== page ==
Have you ever tried to hike up a dune in the Gobi Desert? If you are hiker like us, this shouldn’t be a big issue. Right?
This was a tough, tough hike. And hot. And slippery. And my heart beat way too fast. And I was on my fours like a toddler, scrambling and trying to gain elevation while I kept sliding down every other step…
But I loved it. Hiking the tall sand dunes of the Khongoryn Els in the Gobi desert turned out to be one of the “WOW” moments of our Mongolia trip.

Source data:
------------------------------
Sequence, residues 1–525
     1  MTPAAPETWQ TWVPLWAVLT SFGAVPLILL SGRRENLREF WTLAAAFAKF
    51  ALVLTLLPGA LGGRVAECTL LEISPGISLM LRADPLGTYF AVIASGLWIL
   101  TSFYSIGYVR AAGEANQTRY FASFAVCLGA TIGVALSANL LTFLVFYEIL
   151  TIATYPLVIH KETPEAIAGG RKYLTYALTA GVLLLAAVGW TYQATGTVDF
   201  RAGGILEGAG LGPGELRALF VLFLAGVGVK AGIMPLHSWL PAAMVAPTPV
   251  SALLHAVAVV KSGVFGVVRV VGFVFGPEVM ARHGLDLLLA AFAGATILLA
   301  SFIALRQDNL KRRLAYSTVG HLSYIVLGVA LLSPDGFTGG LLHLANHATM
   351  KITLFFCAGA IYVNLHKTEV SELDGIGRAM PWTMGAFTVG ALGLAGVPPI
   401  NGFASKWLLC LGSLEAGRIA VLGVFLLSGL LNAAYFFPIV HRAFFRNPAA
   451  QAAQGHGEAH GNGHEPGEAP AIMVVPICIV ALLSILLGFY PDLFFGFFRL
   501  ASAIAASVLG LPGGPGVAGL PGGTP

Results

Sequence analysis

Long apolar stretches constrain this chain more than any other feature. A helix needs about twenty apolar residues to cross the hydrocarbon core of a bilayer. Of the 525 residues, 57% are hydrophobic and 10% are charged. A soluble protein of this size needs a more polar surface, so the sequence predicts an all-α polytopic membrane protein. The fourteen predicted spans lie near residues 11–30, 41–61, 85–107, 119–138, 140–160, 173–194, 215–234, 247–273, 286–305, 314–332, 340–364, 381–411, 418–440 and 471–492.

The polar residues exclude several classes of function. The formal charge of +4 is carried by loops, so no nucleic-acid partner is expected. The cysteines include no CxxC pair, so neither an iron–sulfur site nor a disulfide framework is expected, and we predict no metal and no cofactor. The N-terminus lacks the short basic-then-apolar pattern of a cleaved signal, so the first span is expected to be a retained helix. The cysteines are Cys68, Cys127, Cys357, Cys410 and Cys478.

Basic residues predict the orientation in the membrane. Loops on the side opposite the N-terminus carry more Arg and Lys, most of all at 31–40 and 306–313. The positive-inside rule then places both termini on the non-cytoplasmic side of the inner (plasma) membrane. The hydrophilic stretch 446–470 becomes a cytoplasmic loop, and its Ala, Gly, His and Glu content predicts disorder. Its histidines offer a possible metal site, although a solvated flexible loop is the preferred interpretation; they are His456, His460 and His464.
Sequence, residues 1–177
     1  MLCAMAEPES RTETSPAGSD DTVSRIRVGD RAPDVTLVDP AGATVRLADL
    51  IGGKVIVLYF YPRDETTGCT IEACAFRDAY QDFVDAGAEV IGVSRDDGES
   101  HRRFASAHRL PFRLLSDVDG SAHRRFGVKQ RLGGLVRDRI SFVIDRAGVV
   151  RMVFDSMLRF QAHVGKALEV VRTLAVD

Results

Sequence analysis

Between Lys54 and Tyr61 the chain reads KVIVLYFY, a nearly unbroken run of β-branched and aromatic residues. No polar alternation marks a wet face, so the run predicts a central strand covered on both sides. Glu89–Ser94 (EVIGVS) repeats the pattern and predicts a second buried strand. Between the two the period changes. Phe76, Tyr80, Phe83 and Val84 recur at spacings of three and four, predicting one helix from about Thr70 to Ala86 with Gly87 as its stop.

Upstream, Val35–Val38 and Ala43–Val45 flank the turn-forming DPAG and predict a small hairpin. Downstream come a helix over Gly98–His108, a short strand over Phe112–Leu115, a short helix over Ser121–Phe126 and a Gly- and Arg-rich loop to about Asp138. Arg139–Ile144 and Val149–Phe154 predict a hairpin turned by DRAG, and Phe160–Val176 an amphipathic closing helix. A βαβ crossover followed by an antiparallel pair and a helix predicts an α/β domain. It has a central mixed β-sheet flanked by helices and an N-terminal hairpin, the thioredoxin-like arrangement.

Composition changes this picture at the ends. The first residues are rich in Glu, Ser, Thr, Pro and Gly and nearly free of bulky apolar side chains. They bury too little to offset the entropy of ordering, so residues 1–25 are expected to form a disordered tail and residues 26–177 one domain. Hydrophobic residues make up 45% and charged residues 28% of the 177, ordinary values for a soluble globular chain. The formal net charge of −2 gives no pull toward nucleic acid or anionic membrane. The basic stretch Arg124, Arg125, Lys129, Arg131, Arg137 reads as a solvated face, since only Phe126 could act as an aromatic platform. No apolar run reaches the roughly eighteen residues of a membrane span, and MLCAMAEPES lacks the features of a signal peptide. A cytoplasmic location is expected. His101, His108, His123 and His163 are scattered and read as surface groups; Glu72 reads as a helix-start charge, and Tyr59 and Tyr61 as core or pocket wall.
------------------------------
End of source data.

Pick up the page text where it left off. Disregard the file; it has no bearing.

Hiking the Khongoryn Els Sand Dunes
The sun was almost at high noon when our driver Batbold stopped our Russian minivan at the foot of the sand dunes. We could feel the sun heating up through the car roof as we prepared for our dune explorations.
We geared up with our regular hiking boots but Batbold gestured us to remove them and go barefoot. As I noted pieces of broken glasses around the area, I was not too keen but I decided to trust the locals. Off with the shoes. I have to say it was nice to feel the warm sand on our bare feet. Equipped with sunscreen, hat, and water, Bruno and I headed up to the gentle slope leading to the tall dune.
The distance to the top was hard to evaluate but we got clues the dune was tall and far as we noticed small dark dots on the creamy sand dunes. These were people hiking up, and boy, they were small.